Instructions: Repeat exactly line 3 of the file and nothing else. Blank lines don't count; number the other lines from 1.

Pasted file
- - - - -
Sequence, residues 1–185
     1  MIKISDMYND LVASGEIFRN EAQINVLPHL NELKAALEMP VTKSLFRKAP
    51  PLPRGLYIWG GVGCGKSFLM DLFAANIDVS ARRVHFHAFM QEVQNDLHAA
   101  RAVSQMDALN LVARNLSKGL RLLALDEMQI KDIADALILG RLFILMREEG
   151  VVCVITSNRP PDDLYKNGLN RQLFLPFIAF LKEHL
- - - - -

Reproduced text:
    51  PLPRGLYIWG GVGCGKSFLM DLFAANIDVS ARRVHFHAFM QEVQNDLHAA